Last year, we compiled our first annual report on AI governance. The purpose was to identify critical progress from numerous AI governance studies. We were pleasantly surprised by the enthusiastic responses to our invitations, resulting in 50 expert contributions to our report. The positive feedback from various individuals and organizations on the final publication encouraged us to continue the initiative in the future. Notable contributions include the recommendation of the Montreal AI Ethics Institute and a letter from the senior advisor at the Office of the President of the United Nations General Assembly. We hope that this report can improve understanding of - and help to bridge - different viewpoints on the challenges and opportunities of AI governance. That is the reason we compiled the report this year.
2020 will leave a deep mark in human history, as the outbreak and spread of the COVID-19 pandemic strained the economic and social development of the whole world. We once even expected that little progress on global AI governance would be made in 2020. However, there was still significant interest in continuing the annual report. Compared with last year, the number of participating authors (and institutions) turned out to be a little higher this year, as 52 experts (from 47 institutions) provided contributions.
As some authors have worked on this report for two consecutive years, they have been able to build on their work from the first year. Take OpenAI as an example: while its release plan for GPT-2 in 2019 sparked some controversies, the new release plan they proposed at the launch of GPT-3 in 2020 seems better received. The European Union is another good example: following its AI Ethical Framework released in 2019, it issued a White Paper in 2020, proposing corresponding regulatory rules.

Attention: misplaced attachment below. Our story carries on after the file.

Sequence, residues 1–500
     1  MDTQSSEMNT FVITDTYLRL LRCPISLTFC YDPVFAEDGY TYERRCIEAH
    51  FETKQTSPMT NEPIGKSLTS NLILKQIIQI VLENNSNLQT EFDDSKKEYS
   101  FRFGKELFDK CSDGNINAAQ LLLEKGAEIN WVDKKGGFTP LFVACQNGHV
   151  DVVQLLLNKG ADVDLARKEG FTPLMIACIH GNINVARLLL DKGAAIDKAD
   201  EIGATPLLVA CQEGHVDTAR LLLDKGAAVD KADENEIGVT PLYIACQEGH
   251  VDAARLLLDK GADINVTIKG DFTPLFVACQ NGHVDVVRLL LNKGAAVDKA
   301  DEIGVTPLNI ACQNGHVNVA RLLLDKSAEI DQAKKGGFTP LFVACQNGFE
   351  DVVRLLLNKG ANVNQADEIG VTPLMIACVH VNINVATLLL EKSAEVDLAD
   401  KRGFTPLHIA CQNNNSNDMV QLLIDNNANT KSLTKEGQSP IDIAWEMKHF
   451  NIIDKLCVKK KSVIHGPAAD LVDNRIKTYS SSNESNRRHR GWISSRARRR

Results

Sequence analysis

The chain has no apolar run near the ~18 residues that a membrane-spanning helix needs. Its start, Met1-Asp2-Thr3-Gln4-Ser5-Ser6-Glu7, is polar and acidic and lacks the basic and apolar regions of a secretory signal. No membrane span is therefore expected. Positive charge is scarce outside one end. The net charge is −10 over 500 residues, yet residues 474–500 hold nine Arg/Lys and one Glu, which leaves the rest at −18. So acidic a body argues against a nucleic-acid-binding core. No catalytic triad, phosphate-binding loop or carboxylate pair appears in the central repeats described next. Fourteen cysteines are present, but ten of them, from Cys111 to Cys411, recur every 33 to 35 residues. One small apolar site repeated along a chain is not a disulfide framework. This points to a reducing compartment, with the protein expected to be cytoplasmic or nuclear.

The unusual situation created by the pandemic has also resulted in serious reflection on AI and its governance. Being compelled to reflect on AI may provide us with new ideas for future exploration. Seán ó héigeartaigh from the University of Cambridge has been delving into whether AI deserves its hype or whether attention should be focused on the basics of the problem, like investments in public health during the pandemic. Other experts question whether the numerous existing AI governance studies can be effectively translated into policies for dealing with the pandemic.
By deciding to put together this global observation report this year, we were also able to invite experts and institutions who were not involved in the previous year. After the previous report was released, it was pointed out that the voice of the Global South, especially Latin America and Africa, had been neglected. As a result, an effort was made to include experts from Latin America and Africa, to reflect the concerns and the work done in AI governance there.
To download the full report please click here: AI Governance in 2020